Chronic traumatic encephalopathy (CTE) is a neurodegenerative disease associated with exposure to contact and collision sports (CCS). We hypothesized that, as duration of American football played increased, CTE neuropathological risk and severity would correspondingly increase.
We examined a convenience sample of 266 deceased American football players from two brain banks. To be eligible the VA-BU-CLF Brain Bank, donors needed a history of CCS, military service, or domestic violence, regardless of whether symptoms manifested during life. The Framingham Heart Study (FHS) Brain Bank includes participants from two generations of the FHS. All brains were processed and analyzed using identical methods with neuropathologists blinded to the participant’s CCS exposure and clinical history.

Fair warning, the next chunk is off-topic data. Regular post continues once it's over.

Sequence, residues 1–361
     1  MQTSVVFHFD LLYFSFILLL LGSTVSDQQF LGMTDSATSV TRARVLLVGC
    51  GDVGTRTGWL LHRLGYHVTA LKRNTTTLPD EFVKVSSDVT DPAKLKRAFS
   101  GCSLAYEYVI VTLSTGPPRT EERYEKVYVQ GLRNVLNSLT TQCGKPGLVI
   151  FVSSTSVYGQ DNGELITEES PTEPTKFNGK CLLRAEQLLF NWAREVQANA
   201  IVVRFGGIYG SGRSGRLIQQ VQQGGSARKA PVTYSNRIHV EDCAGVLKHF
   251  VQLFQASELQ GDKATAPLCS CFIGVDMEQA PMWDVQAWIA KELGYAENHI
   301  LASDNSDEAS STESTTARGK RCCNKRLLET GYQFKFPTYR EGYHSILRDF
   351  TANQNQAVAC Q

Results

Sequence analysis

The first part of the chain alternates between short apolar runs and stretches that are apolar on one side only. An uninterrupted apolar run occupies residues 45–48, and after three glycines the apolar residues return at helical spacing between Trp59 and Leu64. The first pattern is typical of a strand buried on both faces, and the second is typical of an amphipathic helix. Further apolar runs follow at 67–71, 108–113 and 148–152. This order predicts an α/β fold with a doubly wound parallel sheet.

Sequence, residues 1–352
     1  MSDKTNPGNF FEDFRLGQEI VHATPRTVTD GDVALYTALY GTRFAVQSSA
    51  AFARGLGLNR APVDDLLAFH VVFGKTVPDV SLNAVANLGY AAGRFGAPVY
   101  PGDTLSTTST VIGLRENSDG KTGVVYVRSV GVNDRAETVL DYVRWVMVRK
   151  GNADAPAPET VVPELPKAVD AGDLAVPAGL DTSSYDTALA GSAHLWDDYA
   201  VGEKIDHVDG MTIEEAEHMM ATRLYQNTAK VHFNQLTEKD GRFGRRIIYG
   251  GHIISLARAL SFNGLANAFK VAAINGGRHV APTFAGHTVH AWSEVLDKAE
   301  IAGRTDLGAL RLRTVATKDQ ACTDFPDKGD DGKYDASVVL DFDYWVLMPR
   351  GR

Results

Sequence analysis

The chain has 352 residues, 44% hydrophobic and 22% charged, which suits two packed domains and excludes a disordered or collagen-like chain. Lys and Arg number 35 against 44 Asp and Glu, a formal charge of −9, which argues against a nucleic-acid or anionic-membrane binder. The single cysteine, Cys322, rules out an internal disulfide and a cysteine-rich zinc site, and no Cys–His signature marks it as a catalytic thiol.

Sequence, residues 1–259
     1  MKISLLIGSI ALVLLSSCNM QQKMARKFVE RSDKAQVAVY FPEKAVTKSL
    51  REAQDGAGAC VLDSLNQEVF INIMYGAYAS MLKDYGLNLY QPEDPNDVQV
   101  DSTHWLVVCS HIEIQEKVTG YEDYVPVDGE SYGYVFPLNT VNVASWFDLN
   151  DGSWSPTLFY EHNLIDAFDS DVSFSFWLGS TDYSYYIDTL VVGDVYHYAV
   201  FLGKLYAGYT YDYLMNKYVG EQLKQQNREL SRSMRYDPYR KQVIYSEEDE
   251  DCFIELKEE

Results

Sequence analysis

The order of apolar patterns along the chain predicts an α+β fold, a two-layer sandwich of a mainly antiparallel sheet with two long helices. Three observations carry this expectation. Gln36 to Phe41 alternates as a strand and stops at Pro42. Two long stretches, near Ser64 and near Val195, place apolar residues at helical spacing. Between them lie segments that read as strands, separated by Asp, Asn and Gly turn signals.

We evaluated the ability of years played to classify CTE status using regression and ROC curve analysis. Simulation analyses quantified conditions that might lead to selection bias, including age, race, dementia status, depression status, duration played, and CTE status.
Duration played was significantly associated with odds of CTE at death, with odds increasing 30% every year, and doubling every 2.6 years. Among those with CTE, duration played was also significantly associated with having severe CTE pathology and greater NFT burden. We found that even under conditions of extreme selection bias into the brain bank, the OR for the relationships between duration played and CTE outcomes had consistent magnitudes.